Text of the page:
As U.S. Energy Industry Booms, Oil Hubs Run Out Of Storage Space
ROBERT SIEGEL, HOST:
The U.S. energy industry is booming. Increased drilling has led to a spike in oil production that's nearing all-time record. The success has helped to drive down prices, and it's created an interesting problem - where to put all that oil. As Joe Wertz of StateImpact Oklahoma reports, one of the biggest oil hubs in the U.S. is on track to fill up completely.
JOE WERTZ: Cushing, Okla., in the Northeast part of the state, is really known for one thing - oil. This is an oil hub outside town. Field after field after field are filled with hulking storage tanks. The newer ones are so big they could hold a 747 jumbo jet. Day in and day out, trucks line up to drop off their crude.
(SOUNDBITE OF TRUCK)
WERTZ: Nearby, pumps, compressors and valves hum and shutter. Sci-fi chirps echo as welders and workers drag cables inside tanks they're rushing to build.
(SOUNDBITE OF CABLES)
WERTZ: Cushing has room for 71 million barrels, 20 percent of the U.S. commercial crude oil storage capacity. But that's still not enough.
STEVE AGEE: There's actually some thought by Memorial Day, if this doesn't somehow correct itself, we could be essentially at a limit of having full storage.
WERTZ: Economist Steve Agee is business school dean at Oklahoma City University. He's never seen this much oil stockpiled in the state. Right now, there's about 54 million barrels stored here. That's the most ever. If all that oil was refined into gasoline, it could fuel every vehicle in the U.S. for almost three days.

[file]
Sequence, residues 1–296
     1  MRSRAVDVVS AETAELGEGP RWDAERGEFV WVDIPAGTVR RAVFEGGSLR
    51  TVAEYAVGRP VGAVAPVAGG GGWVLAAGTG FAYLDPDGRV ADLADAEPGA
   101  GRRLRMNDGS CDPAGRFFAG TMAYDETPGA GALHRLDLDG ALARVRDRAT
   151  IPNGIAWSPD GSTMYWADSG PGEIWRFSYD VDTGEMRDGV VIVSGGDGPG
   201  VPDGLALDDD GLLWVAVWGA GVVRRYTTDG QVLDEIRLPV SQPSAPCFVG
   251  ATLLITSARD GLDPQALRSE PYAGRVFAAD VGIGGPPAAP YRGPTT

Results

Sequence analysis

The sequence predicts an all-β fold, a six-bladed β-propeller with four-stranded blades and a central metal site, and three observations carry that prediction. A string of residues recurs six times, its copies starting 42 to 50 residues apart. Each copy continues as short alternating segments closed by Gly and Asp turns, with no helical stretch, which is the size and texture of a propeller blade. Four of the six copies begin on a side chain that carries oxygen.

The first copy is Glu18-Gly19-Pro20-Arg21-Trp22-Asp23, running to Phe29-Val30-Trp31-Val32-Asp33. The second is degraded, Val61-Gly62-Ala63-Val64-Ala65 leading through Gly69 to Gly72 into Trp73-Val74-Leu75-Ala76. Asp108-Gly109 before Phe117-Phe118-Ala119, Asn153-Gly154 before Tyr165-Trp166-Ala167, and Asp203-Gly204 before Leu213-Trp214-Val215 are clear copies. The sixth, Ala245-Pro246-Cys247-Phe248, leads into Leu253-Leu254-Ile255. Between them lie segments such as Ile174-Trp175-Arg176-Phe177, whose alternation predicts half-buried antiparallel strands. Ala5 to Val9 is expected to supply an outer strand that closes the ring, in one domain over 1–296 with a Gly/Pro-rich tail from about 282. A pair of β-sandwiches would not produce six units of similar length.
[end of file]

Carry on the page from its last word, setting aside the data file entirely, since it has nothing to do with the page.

AGEE: Kudos to the oil and gas industry, but they're kind of their own worst enemy by doing this.
WERTZ: Agee says the U.S. oil industry has been so effective at using horizontal drilling and fracking to unlock oil from shale rock, the supply of crude has outpaced worldwide demand. That's one reason why oil prices have plummeted.
ANDREW LIPOW: We're at the highest national inventory level in nearly 80 years.
WERTZ: Andrew Lipow is president of Lipow Oil Associates, a Houston-based consulting firm.
LIPOW: North American oil production are looking for a place to go.
WERTZ: Low oil prices can be an opportunity for energy companies and traders. Some are stashing oil in tank farms, like Cushing, or in railcars and even tanker ships. They're betting on buying cheap oil, storing it and selling it later when prices increase.
LIPOW: Which means anyone who has tanks is going to fill them up.
WERTZ: Lipow says the U.S. energy industry has gone into stockpile-mode a few times in recent years. A decade ago, traders tried to profit as oil prices increased rapidly. Not all stockpiles are intentional. In 2011, a much smaller Cushing oil hub was approaching capacity. Lipow says that was because of a market bottleneck, not traders trying to bank money.
LIPOW: One of the differences this year compared to years ago is we've got several major pipelines that now connect Cushing to the Texas Gulf Coast.
WERTZ: For the energy industry, the Oklahoma oil hub is symbolic. Cushing is a location where the primary U.S. crude price is set. If the hub fills, Steve Agee, the economist, says it would be a milestone that could have practical and psychological effects.
AGEE: Prices would most definitely fall. To what level, you know, we don't know.
WERTZ: Oklahoma's oil hub may not reach capacity. Agee says this spring refiners may need more oil to make summer blends of gasoline, or the flow could stall as low oil prices force energy companies to continue to idle rigs and lay off more workers. For NPR News, I'm Joe Wertz in Oklahoma City.
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